Safe from harm campaign image
story

| 24 November 2022

Anything less than yes is rape: the campaign for a consent-based rape law in Sweden

The absence of a ‘no’ is not an implicit yes. This is the overarching principle of a long-fought Swedish ‘consent law’ aimed at dismantling the ‘no means no’ framework; a system rooted in the idea that a person needed to explicitly resist for it to constitute rape. Women’s rights activist Demet Ergun is hopeful the law, which came into force in 2018, will facilitate understanding of consent but adds dryly that ‘People don’t pay enough attention to the fact that sex should be something done ‘with’ someone, not ‘to’ them.’ As President of the women’s rights coalition Fatta, Demet knows all too well the time-worn path to legislative change. It was Fatta that spearheaded the campaign to reform Swedish rape laws. The movement for change was sparked when the acquittal of three 19-year-old men accused of raping a 15-year-old* girl with a glass bottle in 2013 provoked mass protests. From the ashes of this horrifying rape case, feminist resistance rose up. Fed up with having women’s and girls’ experiences of sexual violence minimised by society and courts of law, the founders of what was to become Fatta began to gather together, collecting women’s stories and raising public awareness, before formally establishing the organisation. Under the new law, rape survivors no longer have to prove there was threat, force, or that they were taken advantage of in a vulnerable situation. The law states that consent can never be freely given by people who are intoxicated, incapacitated, under duress, or in a situation of unequal power dynamics or dependency, such as sex between a teacher and their student. After the law was implemented, Sweden saw rape conviction rates rise by 75% between 2019 and 2020. Four years ago, many of these cases wouldn’t legally have constituted rape; a shocking indictment of just how many survivors of sexual violence have never received justice. Gender-based violence expertise or training is still not required to be a juror in a rape trial, which Demet says must change. Sweden’s consent law also introduced a new, lesser offence of ‘negligent rape’ to make it possible to get justice for survivors in cases where courts found that while the intent to knowingly disregard the victim’s lack of consent could not be proven, the perpetrator had failed to clarify whether or not consent was being given, and therefore should have stopped and asked. The law’s acknowledgment that rape can still happen in the absence of force or threat is important to dismantling the myth that most rape is perpetrated by strangers. It also rejects the notion that prior consent is ‘forever’ consent and includes situations in which the victim ‘freezes’ or is taken by surprise and does not have time to react. Demet explains that the presumption of innocence until proven guilty hasn’t been replaced, but now the court has to decide whether or not consent was given: ‘Previously the victim had to prove that there was a strong indication of resistance. Now the accused has to show they received consent and how this was interpreted. A key difference is that physical evidence is no longer required. This is important because of the 'frozen fight' situation; often people can’t fight off perpetrators or control how their body reacts.’ Opponents of the law argue consent can’t be proven, but sexual violence campaigners insist that it can be expressed clearly either verbally or through nonverbal cues, such as positive body language like smiling, maintaining eye contact, and nodding. We have been taught that sex is about setting a silent ambiance and that talking can ‘break the mood’. However, questions can facilitate a positive sexual experience in myriad ways from creating comfort to establishing intimacy.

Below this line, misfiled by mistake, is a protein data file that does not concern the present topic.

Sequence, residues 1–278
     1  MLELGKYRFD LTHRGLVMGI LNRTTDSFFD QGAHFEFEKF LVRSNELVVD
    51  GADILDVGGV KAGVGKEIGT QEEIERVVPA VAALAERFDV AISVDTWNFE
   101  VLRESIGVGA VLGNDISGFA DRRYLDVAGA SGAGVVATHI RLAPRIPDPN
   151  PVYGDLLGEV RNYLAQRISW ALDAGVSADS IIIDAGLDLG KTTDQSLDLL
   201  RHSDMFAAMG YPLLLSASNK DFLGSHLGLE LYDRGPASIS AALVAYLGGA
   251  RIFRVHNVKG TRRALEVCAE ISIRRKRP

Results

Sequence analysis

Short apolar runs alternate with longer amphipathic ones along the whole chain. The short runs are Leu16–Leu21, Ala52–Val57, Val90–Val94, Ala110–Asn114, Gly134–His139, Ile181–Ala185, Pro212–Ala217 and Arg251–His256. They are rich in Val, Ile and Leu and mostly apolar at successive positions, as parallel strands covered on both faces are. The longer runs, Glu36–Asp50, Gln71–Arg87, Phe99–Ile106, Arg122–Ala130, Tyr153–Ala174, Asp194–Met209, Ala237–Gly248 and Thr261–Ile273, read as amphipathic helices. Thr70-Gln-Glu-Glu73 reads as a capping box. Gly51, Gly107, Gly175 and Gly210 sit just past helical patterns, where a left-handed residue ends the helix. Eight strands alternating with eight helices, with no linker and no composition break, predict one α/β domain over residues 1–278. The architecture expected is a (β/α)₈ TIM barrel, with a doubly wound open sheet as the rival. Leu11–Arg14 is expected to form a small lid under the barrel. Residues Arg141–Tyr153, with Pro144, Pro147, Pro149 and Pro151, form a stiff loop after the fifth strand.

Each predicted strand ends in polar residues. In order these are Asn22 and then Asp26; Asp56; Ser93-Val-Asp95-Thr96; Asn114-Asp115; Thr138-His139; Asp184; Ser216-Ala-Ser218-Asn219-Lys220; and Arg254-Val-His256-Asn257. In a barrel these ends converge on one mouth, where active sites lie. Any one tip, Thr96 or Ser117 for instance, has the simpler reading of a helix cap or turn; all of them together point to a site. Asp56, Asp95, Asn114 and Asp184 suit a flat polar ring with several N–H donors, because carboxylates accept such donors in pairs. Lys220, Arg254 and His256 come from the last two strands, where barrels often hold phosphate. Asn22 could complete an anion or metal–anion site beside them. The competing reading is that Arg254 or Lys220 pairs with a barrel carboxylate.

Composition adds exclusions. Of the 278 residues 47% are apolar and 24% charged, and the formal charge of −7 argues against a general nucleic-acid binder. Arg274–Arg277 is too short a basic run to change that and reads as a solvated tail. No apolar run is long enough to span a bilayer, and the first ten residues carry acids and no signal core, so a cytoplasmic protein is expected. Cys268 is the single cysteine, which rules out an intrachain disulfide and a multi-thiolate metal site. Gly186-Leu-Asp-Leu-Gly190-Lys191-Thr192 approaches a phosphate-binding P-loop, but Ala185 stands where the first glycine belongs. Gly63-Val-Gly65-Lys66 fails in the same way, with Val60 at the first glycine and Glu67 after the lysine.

Spanish protests on sexual violence
story

| 16 November 2022

Legislating the path to consent: Spain's Yes Means Yes law